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Save spectacular summer bulbs

The Iowa Gardener | Veronica Lorson Fowler

(PUBLISHED: Residents use the plots to plant everything from tomatoes (above) to gladiolas (right).) Gladiola in garden at Wetherby Park in Iowa City.
(PUBLISHED: Residents use the plots to plant everything from tomatoes (above) to gladiolas (right).) Gladiola in garden at Wetherby Park in Iowa City.
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Summer-blooming bulbs — caladiums, tuberous begonias, elephant’s ears, dahlias, and more — are gorgeous but can be expensive if you buy them year after year, so consider saving them.

You can hardly have too many. They’re in their glory in late summer, adding color and lush foliage to gardens when other plants are starting to look tired. But summer bulbs won’t overwinter in the ground in Iowa, so you need to plant them each spring.

You can buy them as established plants or as bulbs (or tubers, or corms, technically, depending on the plant), to plant outside in the ground in May. If you want to treat them as an annual, in the fall, you can leave them in the ground, where winter cold and wet will eventually kill them.

Better yet, if you want to expend slightly more effort, you can save them over the winter. Here’s how:

• Now, before the ground freezes, dig up the plants. Trim off the top, leaving a couple of inches or two of stalk. Be careful and gentle, of course. Gently brush off excess dirt and mud with your hands, but don’t wash them. That would encourage rot. If any are damaged or show sign of serious insect infestation, such as holes, pitch them.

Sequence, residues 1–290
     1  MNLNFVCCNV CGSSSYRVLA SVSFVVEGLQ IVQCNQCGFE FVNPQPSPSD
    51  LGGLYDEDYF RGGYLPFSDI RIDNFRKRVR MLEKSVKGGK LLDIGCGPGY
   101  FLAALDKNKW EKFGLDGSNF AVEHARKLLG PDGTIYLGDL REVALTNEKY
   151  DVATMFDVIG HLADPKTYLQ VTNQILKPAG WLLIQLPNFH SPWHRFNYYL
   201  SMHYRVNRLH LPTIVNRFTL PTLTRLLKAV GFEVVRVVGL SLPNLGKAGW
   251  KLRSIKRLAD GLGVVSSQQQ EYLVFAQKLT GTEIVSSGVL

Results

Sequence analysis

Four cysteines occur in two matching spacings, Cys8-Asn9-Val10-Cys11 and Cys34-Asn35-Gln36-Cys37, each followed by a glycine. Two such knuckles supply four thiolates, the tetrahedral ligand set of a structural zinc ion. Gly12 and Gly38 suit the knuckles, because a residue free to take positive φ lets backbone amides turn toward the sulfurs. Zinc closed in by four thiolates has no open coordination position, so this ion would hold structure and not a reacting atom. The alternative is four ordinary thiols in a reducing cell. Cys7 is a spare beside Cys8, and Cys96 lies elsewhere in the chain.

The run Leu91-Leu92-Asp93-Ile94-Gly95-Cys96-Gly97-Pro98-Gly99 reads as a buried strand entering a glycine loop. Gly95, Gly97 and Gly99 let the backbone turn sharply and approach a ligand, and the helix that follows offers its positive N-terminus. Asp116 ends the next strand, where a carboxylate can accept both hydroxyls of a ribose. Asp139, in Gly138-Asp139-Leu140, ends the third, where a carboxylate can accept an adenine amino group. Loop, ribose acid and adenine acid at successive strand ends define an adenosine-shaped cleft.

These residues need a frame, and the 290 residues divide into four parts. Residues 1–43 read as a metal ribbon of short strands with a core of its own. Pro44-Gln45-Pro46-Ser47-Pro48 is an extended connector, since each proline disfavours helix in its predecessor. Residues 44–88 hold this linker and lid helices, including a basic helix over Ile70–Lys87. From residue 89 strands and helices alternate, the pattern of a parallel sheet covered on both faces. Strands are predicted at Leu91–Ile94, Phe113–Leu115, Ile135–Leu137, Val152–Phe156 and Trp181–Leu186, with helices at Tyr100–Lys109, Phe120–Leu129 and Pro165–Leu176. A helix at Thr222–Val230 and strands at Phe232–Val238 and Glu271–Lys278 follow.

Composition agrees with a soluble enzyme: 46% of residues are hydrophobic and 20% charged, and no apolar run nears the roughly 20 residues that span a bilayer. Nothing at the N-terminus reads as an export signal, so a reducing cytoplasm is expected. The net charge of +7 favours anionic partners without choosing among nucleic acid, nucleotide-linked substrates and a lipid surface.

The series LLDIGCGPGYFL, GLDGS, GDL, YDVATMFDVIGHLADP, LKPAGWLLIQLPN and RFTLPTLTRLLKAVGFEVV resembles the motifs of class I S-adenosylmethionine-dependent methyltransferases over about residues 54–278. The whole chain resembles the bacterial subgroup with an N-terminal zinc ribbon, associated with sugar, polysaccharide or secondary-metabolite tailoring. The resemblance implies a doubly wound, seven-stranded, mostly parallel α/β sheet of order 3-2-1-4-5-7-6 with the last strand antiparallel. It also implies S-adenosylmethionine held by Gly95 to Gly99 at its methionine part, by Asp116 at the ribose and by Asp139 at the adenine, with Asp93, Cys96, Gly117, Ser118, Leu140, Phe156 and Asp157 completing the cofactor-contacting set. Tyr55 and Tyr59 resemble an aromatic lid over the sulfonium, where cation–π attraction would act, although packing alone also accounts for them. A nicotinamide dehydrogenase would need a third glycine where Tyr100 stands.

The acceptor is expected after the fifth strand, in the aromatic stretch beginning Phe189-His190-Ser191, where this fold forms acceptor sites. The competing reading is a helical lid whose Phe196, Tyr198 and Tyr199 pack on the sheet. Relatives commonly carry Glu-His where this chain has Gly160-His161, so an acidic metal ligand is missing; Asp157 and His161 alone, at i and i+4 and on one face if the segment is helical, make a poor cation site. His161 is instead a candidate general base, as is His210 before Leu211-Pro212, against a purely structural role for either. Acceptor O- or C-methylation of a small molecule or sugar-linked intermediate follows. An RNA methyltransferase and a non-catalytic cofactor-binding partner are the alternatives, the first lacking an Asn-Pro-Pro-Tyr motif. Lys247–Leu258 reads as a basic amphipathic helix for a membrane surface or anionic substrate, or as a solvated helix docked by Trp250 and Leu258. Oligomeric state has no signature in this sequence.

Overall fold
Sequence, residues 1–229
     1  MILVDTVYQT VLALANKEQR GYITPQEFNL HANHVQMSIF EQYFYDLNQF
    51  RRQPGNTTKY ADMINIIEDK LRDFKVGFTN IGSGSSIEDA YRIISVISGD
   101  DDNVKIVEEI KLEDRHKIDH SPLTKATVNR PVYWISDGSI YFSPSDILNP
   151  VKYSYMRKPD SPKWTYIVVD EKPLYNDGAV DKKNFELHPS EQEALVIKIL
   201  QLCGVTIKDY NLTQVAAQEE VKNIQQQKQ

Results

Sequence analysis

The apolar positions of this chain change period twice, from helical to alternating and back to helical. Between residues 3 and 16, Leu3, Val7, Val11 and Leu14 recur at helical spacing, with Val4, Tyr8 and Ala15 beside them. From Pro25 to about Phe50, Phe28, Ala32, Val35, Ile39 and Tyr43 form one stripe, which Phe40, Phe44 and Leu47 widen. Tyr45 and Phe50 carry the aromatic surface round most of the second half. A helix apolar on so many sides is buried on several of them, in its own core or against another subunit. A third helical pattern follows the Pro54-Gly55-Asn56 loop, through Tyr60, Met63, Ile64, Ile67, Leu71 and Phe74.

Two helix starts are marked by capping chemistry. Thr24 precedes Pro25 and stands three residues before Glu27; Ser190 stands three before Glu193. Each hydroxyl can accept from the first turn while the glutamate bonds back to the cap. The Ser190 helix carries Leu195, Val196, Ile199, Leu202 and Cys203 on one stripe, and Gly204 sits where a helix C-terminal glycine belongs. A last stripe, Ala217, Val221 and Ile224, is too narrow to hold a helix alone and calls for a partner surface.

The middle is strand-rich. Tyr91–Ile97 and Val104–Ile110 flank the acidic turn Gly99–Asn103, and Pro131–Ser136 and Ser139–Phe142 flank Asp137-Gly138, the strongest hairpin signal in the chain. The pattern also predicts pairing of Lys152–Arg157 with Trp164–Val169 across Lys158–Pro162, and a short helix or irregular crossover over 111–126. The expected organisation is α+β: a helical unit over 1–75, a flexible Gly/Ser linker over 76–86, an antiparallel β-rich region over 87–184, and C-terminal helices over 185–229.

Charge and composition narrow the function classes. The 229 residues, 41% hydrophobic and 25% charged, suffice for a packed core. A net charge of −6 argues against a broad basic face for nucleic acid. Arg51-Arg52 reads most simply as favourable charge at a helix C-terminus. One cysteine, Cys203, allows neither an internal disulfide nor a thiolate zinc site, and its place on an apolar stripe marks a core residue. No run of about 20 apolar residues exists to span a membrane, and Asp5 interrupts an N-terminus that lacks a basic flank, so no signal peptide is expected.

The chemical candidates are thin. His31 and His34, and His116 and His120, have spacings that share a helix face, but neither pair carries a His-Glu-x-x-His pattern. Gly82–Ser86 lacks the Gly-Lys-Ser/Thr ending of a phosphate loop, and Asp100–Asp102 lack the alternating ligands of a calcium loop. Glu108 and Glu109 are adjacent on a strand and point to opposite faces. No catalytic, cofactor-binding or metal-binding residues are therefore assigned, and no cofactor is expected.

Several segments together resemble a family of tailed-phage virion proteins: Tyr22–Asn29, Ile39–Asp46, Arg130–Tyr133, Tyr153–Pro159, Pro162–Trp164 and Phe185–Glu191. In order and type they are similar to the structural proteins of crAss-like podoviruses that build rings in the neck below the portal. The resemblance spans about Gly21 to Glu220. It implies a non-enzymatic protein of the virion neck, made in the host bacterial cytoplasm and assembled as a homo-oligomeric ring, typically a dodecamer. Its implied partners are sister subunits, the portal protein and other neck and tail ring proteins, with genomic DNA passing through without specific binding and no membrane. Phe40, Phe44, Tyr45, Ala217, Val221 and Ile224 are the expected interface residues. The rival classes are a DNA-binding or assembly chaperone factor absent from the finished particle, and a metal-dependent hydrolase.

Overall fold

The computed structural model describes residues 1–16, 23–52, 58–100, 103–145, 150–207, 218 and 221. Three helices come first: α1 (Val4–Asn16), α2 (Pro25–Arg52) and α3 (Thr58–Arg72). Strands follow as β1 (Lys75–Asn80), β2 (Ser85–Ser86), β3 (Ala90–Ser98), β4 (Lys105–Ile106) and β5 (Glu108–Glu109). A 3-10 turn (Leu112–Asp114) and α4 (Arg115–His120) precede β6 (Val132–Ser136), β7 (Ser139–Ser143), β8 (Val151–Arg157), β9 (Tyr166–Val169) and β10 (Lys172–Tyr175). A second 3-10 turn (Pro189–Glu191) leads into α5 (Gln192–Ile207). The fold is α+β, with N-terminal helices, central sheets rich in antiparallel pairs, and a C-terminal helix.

• Allow them to dry thoroughly or “cure.” Do this in a warm, dry spot, like your basement or a heated garage. If there’s just a few of them, put them in a bucket. If there are more, spread them out in a cardboard box or on newspaper. Key is air circulating freely around them.

• After two to three weeks, bag them up in paper bags or boxes. Pack them in peat moss, sawdust, or crumpled or shredded paper and make sure they don’t touch each other. Label as desired. Store in a cool spot that stays about 45 to 50 degrees.

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• Check the bulbs periodically, every couple of weeks or so. Remove any rotting or moldy bulbs. Sprinkle again with water or refill bowl.

In spring, plant outside after all danger of frost has passed in our area—May 10. If any of the bulbs or tubers are large, you can divide them by gently breaking them apart, but make sure each one has some sprouting points as well as some roots.

For earlier bloom and larger foliage sooner, around April 1, plant them indoors in temporary plastic pots and potting soil. Provide as much sun and light as you can. Bonus points if, after the foliage is an inch or two high, you can set them outside during the day so they can soak up as much sun as possible. Bring indoors on nights when the temperature is going to dip past 35 degrees.

In May, plant outside in their permanent place in the garden, and sit back to enjoy their show another year.

• Veronica Lorson Fowler is co-publisher of The Iowa Gardener website at theiowagardener.com.

Favorite summer-blooming bulbs

• Caladium

• Calla lily

• Canna

• Crocosmia

• Dahlia

• Elephant’s Ear

• Gladiola

• Freesia

• Summer hyacinth (Galtonia)

• Taro

• Tuberose

• Tuberous Begonia

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